b. said emergency visual assistance device having a plurality of transparent panels of predetermined shape and thickness, a matte-finished translucent elongated rigid hollow spacer means to which said transparent panels are mounted at either end so as to form a visual pathway of predetermined length, and a sealant means disposed between said matte-finished translucent elongated rigid hollow spacer means and said transparent panels for providing a substantially airtight seal between said matte-finished translucent elongated rigid hollow spacer means and said transparent panels,
c. each end of the emergency visual assistance device having a flexible, substantially airtight skirt mounted, for forming a substantially sealed visual pathway between the operator and the visual information,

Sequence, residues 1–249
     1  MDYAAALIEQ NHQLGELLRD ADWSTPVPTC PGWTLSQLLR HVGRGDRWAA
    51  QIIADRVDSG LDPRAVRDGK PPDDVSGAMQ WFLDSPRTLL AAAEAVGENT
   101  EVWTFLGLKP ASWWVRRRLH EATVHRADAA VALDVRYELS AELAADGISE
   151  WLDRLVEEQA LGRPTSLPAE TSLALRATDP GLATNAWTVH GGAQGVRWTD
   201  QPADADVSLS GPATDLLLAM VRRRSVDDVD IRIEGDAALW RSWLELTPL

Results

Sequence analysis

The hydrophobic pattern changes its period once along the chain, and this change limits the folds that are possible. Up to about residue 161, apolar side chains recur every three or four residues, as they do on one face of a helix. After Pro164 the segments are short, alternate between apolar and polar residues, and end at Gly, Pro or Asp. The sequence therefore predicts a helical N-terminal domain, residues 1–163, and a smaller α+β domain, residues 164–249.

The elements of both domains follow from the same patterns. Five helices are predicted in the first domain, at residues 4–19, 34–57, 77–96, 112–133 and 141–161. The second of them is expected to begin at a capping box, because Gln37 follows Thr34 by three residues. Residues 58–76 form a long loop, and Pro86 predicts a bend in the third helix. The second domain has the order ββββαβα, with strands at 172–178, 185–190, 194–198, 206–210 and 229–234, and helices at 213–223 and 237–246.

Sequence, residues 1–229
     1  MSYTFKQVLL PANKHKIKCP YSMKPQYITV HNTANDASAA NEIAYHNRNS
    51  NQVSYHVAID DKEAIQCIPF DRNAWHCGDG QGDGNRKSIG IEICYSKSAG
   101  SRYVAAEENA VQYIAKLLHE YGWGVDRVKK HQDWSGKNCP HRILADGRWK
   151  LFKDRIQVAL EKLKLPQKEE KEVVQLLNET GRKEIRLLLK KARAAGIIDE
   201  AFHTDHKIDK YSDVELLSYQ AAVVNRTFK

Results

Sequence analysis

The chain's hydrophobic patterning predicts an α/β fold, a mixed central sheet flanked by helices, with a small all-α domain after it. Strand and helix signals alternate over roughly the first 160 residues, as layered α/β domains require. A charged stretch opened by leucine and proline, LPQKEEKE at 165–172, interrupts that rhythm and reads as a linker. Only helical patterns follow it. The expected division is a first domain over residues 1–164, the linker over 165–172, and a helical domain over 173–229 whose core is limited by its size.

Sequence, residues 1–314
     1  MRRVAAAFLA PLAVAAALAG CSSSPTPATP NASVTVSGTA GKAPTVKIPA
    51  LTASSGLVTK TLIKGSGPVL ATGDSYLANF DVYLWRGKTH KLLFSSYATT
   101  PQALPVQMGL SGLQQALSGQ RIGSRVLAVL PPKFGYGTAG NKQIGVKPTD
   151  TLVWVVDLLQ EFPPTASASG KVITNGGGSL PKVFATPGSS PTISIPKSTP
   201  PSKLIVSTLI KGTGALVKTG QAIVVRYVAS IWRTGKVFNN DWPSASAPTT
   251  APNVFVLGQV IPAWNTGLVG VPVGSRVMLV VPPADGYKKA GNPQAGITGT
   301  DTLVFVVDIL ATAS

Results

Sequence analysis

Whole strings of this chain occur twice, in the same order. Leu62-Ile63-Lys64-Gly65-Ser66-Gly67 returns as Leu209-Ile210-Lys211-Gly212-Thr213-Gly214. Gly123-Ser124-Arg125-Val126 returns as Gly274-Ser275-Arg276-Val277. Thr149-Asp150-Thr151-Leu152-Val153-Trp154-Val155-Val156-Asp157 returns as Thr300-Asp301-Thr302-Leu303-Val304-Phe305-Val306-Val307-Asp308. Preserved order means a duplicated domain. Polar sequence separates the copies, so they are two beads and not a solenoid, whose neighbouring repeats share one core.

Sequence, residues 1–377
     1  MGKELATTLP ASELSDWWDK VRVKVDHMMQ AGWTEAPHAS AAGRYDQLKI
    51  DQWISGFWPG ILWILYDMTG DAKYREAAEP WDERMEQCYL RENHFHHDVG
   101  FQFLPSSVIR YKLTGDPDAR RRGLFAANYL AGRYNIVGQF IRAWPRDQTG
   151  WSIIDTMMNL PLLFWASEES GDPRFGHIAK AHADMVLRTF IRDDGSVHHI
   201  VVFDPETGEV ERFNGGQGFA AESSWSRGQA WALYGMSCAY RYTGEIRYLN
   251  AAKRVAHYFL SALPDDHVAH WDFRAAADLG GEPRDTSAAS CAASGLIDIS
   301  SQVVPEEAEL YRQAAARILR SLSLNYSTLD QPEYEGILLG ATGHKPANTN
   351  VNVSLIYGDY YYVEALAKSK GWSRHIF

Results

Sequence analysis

d. said matte-finished translucent elongated rigid hollow spacer means of the emergency visual assistance device having an illumination means mounted within said spacer means the for illuminating the visual information,
e. one end of the emergency visual assistance device being positioned as close as possible to the eyes of the operator, and
f. the other end of the emergency visual assistance device being positioned as close as possible to the visual information.
Description
CROSS REFERENCES TO RELATED APPLICATIONS

This application references and is entitled to the benefit of Provisional Patent Application Serial No. 60/111,365 filed Dec. 8, 1998.

BACKGROUND

1. Field of the Invention